Biwako Shuko no Uta with Yoshibue Reed Flutes よし笛「琵琶湖周航の歌」

‪Lake Biwa Rowing Song 琵琶湖周航の歌 英語版

Lake Biwa Rowing Song children’s choir rehearsal

Yoshibue Day Concert 「よし笛の日」定期演奏会

 

‪Shiga/Omi Brand

All About Lake Biwa 琵琶湖博物館・固有種

Koka Ninja House, Shiga, Japan 甲賀流 忍術屋敷

‪Shiga Prefecture Food and Crafts Fair, Tokyo 第26回 琵琶湖夢街道大近江展

Treasures of Konan, Shiga Prefecture 滋賀県湖南市の宝物

Shiga Governor Yukiko Kada teaches the Goshu Ondo dance

Kita-Biwako Steam Locomotive train 北琵琶湖SL

 

‪Sports in Shiga

‪2011 FISA World Rowing Tour at Lake Biwa, Japan

3rd Imazu Regatta 今津レガッタ

Imazu Jr. High School Rowing Club on Lake Biwa 今津中学校ボート部 琵琶湖周航

Maibara Basho Sumo Exhibition Tournament 2008 大相撲 米原場所

Zensuiji showing hidden Buddha

Flyer for Gokaicho.

Flyer for Gokaicho.

Zensuiji is one of the three Tendai Buddhist temples (called Konan Sanzan 湖南三山) in Konan, Shiga Prefecture designated as a National Treasure. The elegant lines of the thatched roof, Japanese gardens, and colorful autumn leaves make Zensuiji one of Shiga’s most aesthetic and popular temples.

Its main object of worship (Honzon 本尊) is Yakushi Nyorai Ruriko Nyorai (薬師瑠璃光如来), the Buddha of Medicine and Healing. It is a statue of a seated Buddha normally hidden from view in the Hondo main temple hall built in 1366.

However, for the first time in 14 years, this main statue will be exposed for public viewing from April 19 to June 14, 2015 to celebrate Zensuiji’s 1300th anniversary of its founding. The main statue is 102-cm high and an Important Cultural Property. The statue was last opened to the public in the temple in 2001 and 1949. This event of showing a hidden Buddha (hibutsu 秘仏) is called Gokaicho (御開帳).

The main statue was also displayed to the public in 2005 and 2006 at the Kyoto National Museum and Tokyo National Museum for a Buddhist art exhibition marking the 1200th anniversary of Tendai’s founding. It was the first and last time the main statue was displayed outside the temple. A photo of the seated main statue is here and pictured in the flyer above.

Formally named Iwane-san Io-in Zensuiji (岩根山王院善水寺), Zensuiji was founded by Empress Genmei during 708-715 as a dojo (small hall) to pray for the protection of Japan. According to legend, in the early Heian Period (794-1185), Priest Saicho (founder of Tendai Buddhism based on Mt. Hiei) was in the Konan-Koka area to harvest wood to build a temple on Mt. Hiei (Enryakuji). A ray of light led him to the dojo temple. He found a paper mulberry leaf floating on the temple’s Momotsute Pond (百伝の池) written with the words, “Excellent medicine, now left here” (是好良薬 今留在此). A 5.5 cm high gold Yakushi Buddha statue then appeared from the pond. Saicho prayed to this Buddha for seven days for rain. His prayers then came true as heavy rains fell and continued all day and night. The gushing river helped him transport the wood he found to Lake Biwa to build his temple on Mt. Hiei.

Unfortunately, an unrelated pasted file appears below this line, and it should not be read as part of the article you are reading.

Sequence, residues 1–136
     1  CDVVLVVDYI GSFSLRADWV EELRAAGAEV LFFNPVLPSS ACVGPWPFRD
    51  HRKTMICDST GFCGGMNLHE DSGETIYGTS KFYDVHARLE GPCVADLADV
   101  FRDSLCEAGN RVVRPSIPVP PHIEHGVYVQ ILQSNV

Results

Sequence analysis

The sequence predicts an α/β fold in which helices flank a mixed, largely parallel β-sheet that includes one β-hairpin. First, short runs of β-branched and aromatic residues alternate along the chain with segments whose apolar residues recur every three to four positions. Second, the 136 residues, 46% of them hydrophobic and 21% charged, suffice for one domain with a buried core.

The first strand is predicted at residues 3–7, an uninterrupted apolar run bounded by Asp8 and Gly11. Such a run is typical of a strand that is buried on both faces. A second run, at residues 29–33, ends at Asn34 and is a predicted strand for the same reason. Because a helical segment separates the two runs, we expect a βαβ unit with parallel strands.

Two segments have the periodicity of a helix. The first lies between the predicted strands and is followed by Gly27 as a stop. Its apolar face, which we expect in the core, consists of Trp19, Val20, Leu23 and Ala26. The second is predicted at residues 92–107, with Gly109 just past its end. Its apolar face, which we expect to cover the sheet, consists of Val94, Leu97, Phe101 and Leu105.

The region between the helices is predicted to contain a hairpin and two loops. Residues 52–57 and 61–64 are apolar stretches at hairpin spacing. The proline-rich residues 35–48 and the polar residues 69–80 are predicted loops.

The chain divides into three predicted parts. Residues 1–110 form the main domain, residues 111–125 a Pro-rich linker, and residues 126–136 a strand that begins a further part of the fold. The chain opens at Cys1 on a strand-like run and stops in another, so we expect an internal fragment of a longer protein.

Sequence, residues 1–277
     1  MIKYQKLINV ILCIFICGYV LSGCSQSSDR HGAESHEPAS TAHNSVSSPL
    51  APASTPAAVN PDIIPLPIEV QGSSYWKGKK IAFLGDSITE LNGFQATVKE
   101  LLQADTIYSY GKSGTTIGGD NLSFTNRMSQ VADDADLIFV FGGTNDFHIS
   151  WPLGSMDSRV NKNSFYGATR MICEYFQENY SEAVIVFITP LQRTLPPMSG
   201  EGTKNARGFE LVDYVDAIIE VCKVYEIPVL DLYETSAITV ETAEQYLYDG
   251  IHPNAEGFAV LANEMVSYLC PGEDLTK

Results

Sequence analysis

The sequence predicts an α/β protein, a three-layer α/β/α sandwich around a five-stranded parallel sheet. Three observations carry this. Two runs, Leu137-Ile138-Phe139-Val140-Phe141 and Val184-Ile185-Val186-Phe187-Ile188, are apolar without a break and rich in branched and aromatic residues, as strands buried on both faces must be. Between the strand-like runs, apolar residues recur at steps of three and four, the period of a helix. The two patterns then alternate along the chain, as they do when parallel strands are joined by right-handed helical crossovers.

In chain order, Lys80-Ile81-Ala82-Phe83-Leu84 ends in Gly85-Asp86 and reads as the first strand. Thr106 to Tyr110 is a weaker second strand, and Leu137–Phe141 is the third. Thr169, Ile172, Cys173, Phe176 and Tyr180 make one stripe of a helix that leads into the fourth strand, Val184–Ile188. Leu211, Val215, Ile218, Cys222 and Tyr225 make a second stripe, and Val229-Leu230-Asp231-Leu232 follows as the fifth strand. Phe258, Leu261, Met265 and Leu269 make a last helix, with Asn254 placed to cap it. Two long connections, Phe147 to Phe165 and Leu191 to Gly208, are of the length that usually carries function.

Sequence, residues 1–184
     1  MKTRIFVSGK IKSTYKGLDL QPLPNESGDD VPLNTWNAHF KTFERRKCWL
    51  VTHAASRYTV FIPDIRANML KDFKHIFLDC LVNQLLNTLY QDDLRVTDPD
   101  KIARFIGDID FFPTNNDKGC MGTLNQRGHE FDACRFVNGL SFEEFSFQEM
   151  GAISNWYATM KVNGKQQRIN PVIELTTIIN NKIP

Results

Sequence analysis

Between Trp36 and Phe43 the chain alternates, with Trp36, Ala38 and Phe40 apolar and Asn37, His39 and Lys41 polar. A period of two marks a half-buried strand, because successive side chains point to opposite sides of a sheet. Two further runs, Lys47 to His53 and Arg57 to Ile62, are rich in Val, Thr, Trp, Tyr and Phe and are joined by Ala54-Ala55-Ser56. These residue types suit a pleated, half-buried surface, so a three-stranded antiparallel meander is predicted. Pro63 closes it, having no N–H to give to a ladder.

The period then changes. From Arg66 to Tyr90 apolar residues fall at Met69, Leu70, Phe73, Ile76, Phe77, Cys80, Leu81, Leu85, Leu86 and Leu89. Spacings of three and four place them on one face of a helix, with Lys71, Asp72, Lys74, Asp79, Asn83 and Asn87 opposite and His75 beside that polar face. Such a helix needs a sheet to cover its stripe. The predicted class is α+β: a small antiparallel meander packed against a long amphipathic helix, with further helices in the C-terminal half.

Later when Emperor Kanmu (737–806) fell ill, Saicho prayed for his recovery by dedicating some water from Momotsute Pond. He then offered the sacred water to the emperor who soon got well. The temple was then named “Zensuiji,” meaning “Efficacious Water Temple.” People come here to pray for good health and to recover from illness. You can also drink or take home the Efficacious Water from Momotsute Pond flowing from a spring.

When the hidden Yakushi Nyorai statue was repaired in 1906, they found a lot of rice husks and a document dated 993 inside the Buddha. The document, called Kechien Kyomyo (結縁交名), listed the people (donors) who contributed to making the Buddha statue as a way to connect with the Buddha.

If you miss seeing the main statue after it becomes “hidden”again after June 14, you can still see 30 other impressive Buddhist statues in the main temple hall. Fifteen of them are Important Cultural Properties dated to be centuries or a thousand years old. Off the beaten path and well worth visiting.

Zensuiji is also soliciting donations to rethatch its 40-year-old roof this year.

Hours: 9 am–5 pm (enter by 4:30 pm)

Admission: ¥700 for adults, ¥300 for jr. and high schoolers, free for elementary school kids

Directions: At Kosei Station’s North Exit (Kitaguchi), take the Meguru-kun bus that stops at Iwane (岩根). Buses leave once an hour, taking about 12 min. Bus schedule here. From the Iwane bus stop, there is a pleasant hillside trail going up to Zensuiji, taking about 15 min. If you’re traveling with a friend or small group, you can take a taxi. Map here.

Address: 3518 Iwane, Konan, Shiga Prefecture (〒520-3252 滋賀県湖南市岩根3518)

Website: zensuiji.jp

Zensuiji photos | Zensuiji video

*Thanks to Yukiyo Mitaka in Konan for contributing to this post.
*The city of Konan, Zensuiji temple, and the Konan Tourist Association have permission to reprint parts of this post in their free English materials for foreign visitors.